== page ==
Which bridge to build?

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KB02

Well-Known Member
With my new expansion, I now get to build a new bridge. I was thinking about a modern steel trestle style bridge (Viaduct bridge?), but I'm also thinking a braced arch bridge would be easier to build. The span it need to cover is 4 feet (or roughly 350' in HO scale, if I did my calculations correctly).

I'm thinking about scratch building this, so which one would you build?
 

bob

Administrator
Staff member
I'm thinking about scratch building this, so which one would you build?
I'd build whichever one fit the space best and whichever one I wanted the most. An arch bridge would be really impressive, but there should also be a "reason" for it. Huge canyon, deep waterway, whatever. The railroad wouldn't go to the expense of an arch if they could do a simple viaduct and get the same results.

As for how hard it is to build. Well, if you enjoy scratch building, it's a fun challenge. If you're mainly interested in the end result, I'd give some serious thought to the Micro Engineering stuff. It's not scratch building, but you can either buy a kit or buy components to customize as you need for your layout. The stuff is affordable and it looks really good!

1588016645395.png
 

Selector

Well-Known Member
The rails' preference was always to fill. If that didn't meet their needs practically and/or economically, they'd bridge. If two girders, or a combination with a central pylon could do it, they'd do that preferentially. If not, they'd pay through the nose for a complicated truss design to cover the span. Costs go up non-linearly as the span increases.

The various constructions of viaduct are always gee-whiz getters, whether you drive under one or see one well-executed on a layout. But that's where it gets tricky: you have to do some detailed planning and careful construction, not least of which would be the surrounds. A viaduct that's only three real-world inches high isn't going to give anyone pause except to remark on how odd it looks. But, one set in a chasm or over a gorge where it towers 12 real inches high is going to elicit oohs and aaahs. My point (yes, I have one) is that what you craft should look convincing and realistic. Trying to fit a viaduct where it doesn't look right is going to disappoint you. Is this extension going to afford you a realistic setting for a viaduct? Maybe a timber trestle would look better, or simply a girder span if your era is after 1950, maybe a deck truss? For example, I seem to recall that the Atlas Warren Truss can be installed 'upside down' as a deck truss...might be wrong about that.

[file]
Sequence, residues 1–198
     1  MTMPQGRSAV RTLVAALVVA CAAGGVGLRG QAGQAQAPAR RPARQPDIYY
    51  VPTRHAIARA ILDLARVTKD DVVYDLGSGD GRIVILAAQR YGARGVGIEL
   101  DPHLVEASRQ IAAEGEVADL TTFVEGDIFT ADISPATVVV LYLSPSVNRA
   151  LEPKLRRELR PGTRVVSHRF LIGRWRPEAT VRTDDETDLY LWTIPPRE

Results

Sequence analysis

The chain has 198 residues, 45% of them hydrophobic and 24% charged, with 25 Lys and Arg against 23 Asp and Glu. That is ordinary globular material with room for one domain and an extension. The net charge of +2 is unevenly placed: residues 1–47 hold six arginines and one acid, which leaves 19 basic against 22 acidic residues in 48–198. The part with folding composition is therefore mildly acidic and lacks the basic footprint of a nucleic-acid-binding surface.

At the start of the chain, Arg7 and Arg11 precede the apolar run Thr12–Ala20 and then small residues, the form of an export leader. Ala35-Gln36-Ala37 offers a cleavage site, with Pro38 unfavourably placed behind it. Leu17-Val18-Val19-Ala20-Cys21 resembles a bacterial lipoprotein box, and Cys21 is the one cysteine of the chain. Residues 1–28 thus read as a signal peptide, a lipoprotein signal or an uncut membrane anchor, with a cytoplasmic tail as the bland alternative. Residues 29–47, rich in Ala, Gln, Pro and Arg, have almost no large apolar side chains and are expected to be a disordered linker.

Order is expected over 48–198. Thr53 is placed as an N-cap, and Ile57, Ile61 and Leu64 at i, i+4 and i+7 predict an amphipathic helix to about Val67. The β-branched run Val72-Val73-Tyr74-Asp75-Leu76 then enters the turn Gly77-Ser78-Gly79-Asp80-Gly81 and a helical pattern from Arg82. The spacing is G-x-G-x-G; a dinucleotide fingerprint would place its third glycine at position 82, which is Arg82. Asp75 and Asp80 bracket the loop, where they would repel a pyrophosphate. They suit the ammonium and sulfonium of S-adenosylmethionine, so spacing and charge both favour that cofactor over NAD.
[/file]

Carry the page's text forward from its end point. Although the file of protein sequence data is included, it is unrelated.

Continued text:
Selector

Well-Known Member
And I can understand the interest in a viaduct for that span. It makes sense. And, despite my earlier post, there are short trestles or long viaducts that aren't on mile-high pylons or frames. But, it seems to me the wow factor warrants something at least middling on the spectacularity scale, especially on a train layout.

This is the High Level Bridge over the Oldman River in southern Alberta, just west of Lethbridge. It's the longest steel structure of its kind anywhere.

 

Rico

BN Modeller
How high will the bridge be? That would be a contributing factor as to what bridge would work best.

Crandall, I’ve been over the High Level Bridge on a windy day, it was one of the scariest things I’ve done!
 
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bob

Administrator
Staff member
If you're going to build it from scratch, make sure that's what you want to do and that you have the time.

View attachment 47347
Wow, that's amazing! Well done too, with that deep canyon you've justified the need for such a impressive (and expensive to build) bridge.

Here's a prototype version that shows the same kind of location.